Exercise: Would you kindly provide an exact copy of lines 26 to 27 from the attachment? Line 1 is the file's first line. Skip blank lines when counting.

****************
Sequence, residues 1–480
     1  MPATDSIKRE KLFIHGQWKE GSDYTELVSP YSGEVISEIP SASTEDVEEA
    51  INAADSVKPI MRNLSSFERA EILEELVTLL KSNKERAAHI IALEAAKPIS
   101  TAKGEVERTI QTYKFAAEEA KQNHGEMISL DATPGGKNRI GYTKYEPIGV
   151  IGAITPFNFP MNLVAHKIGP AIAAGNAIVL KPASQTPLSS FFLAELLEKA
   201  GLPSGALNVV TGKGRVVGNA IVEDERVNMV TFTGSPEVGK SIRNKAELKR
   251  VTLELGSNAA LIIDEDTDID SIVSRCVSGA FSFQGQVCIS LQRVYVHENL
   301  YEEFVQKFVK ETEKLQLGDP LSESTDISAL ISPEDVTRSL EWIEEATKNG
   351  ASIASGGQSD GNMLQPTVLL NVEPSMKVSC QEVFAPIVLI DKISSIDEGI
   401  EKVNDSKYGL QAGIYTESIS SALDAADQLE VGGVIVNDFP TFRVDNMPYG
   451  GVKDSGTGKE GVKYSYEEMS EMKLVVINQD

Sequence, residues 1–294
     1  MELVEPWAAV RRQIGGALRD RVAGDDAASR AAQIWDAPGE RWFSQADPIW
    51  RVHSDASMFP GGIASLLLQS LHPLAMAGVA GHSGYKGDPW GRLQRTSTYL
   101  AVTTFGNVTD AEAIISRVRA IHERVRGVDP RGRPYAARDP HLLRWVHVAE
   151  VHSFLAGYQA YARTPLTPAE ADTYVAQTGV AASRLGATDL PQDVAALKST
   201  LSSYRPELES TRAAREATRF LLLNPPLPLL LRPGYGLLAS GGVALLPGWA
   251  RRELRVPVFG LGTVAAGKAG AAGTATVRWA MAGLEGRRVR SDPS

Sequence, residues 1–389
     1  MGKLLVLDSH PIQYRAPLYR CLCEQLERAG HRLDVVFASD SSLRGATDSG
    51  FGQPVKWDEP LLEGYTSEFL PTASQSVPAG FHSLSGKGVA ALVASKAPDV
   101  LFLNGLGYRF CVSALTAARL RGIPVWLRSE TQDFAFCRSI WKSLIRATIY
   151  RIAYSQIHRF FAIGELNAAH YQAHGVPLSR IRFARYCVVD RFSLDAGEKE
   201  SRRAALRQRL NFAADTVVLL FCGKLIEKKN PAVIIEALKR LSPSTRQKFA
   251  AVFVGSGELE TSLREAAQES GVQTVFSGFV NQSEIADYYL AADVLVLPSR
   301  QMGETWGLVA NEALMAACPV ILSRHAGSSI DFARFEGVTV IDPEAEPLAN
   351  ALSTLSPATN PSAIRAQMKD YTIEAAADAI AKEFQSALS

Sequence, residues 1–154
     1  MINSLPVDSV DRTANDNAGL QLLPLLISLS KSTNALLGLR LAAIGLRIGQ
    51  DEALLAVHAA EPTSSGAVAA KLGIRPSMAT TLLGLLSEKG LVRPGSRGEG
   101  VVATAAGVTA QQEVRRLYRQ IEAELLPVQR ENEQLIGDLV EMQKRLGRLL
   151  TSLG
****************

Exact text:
   301  QMGETWGLVA NEALMAACPV ILSRHAGSSI DFARFEGVTV IDPEAEPLAN
   351  ALSTLSPATN PSAIRAQMKD YTIEAAADAI AKEFQSALS